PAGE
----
Commodity markets today are offering less clarity in their risk signals as while oil prices are higher, (WTI +0.5%), we are seeing weakness throughout the rest of the space with precious metals (Au -0.2%), base metals (Cu -0.85%, Al -0.5%) and agriculturals (Soybeans -0.7%, Corn -0.9%, Wheat -0.5%) all under pressure today.

Finally, the dollar is falling versus virtually all its main counterparts today, with the entire G10 space firmer and the bulk of the EMG bloc as well.  NOK (+0.75%) leads the G10 group as oil’s rally bolsters the currency along with general dollar weakness.  Otherwise, NZD (+0.6%) and AUD (+0.5%) have benefitted from the RBA’s relative hawkishness.  The rest of the bloc is also higher, but by much lesser amounts.  I do want to give a shout out to JPY (+0.1% today, +2.3% in the past month) as it seems to be performing well despite the risk preferences being displayed in the market.  something unusual seems to be happening in Japan, and I have not yet been able to determine the underlying causes.  However, I also must note that last night, exactly zero 10-year JGB’s traded in the market, despite a JGB auction.  If you were wondering what a dysfunctional market looked like, JGB’s are exhibit A.  The BOJ owns 50% of the outstanding issuance, and the idea that there is a true market price of interest rates is laughable.

As to emerging markets, we are seeing strength throughout all three regional blocs led by ZAR (+0.8%), HUF (+0.7%) and PHP (+0.6%), with the story in all places the sharp decline in US rates leading to investors seeking additional carry.  While BRL is not yet open, it rallied 0.7% yesterday as the market is beginning to believe the central bank may hike rates by 100 bps tomorrow, a shockingly large move in the current environment, but one that is being driven by rapidly rising inflation in the country.

Data today brings Factory Orders (exp 1.0%) and Vehicle Sales (15.25M), neither of which is likely to distract us from Friday’s payroll report.  We also hear from one Fed speaker, governor Bowman, who appears to be slightly dovish, but has not make public her opinions on the tapering question as of yet.

Yesterday saw modest dollar strength despite lower interest rates.  Today that strength is being unwound, but net, we are not really going anywhere.  And that seems to be the best bet, not much direction overall, but continued choppy trading.

Good luck and stay safe
Adf

A Small Crisis Grows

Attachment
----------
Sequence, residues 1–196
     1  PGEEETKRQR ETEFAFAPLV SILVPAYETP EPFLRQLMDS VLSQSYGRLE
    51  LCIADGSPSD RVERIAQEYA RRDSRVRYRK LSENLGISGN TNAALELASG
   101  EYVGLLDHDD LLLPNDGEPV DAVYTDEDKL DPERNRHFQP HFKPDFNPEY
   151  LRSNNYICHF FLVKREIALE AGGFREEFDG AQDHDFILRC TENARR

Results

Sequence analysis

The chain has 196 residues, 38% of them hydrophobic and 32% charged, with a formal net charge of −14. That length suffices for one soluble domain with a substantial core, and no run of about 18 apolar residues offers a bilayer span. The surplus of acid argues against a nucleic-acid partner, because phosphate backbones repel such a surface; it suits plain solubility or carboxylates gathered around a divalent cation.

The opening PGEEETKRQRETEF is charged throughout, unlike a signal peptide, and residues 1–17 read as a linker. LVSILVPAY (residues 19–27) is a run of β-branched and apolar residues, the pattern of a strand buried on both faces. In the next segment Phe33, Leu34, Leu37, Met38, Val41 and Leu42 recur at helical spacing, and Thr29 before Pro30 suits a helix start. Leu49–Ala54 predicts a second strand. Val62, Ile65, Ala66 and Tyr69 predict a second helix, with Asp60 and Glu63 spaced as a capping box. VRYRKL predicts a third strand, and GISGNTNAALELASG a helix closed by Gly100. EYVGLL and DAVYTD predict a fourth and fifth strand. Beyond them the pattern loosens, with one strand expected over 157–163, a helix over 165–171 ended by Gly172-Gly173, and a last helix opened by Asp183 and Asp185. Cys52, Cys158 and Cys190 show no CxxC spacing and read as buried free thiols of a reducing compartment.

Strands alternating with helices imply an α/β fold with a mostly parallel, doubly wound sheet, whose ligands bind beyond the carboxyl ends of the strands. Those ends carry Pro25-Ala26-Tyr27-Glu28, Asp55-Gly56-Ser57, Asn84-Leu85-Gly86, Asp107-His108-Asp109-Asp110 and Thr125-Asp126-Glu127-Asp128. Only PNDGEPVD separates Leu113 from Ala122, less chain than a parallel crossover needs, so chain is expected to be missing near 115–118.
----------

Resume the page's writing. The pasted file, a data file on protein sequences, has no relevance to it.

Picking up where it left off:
Investors are starting to feel
That China has lost its appeal
So, capital flees
From all stocks, Chinese
As Xi brings exploiters to heel

While, thus far the impact’s been small
On markets elsewhere, please recall
That history shows
A small crisis grows
Quite quickly with each margin call

Giving credit where it is due, the Chinese have successfully distracted almost every market participant from tomorrow’s FOMC meeting.  The ongoing rout in Chinese equity markets (Shanghai -2.5%, Hang Seng -4.2%) has been fueled by the government’s hardline stance against several different industries that had become investor favorites.  If you think of the progression of events, it began with private financial firms (remember the Ant IPO that was squashed when Jack Ma was disappeared for a while?) and has continued as the evolution of the DC/EP (China’s digital yuan or CBDC) has forced the two big private payment firms, Alipay and WeChat Pay to fall into line and restrict their offerings going forward.

We have also seen the government address concerns over other tech companies and their capitalist intentions and actions, which has taken the form of questions over data security in Didi Global, the ride hailing app, and Meituan, the food service company.  After all, both of these companies are clarion calls for people to be independent, choosing their work schedule and effort, as opposed to toiling for a proper, state-owned firm.  Naturally, this is anathema to President Xi as he continues to remold the nation into his preferred view.

The latest attack has been on the private education industry, which while nominally teaching the approved curriculum, were clearly seen as an impediment to government control, and more importantly, the appropriate spread of communism.  Remember, the CCP rules the roost in China and President Xi is General Secretary of the Chinese Communist Party.  It was certainly dichotomous that an area of such immense social importance, that preached communism, would be offered by capitalist firms.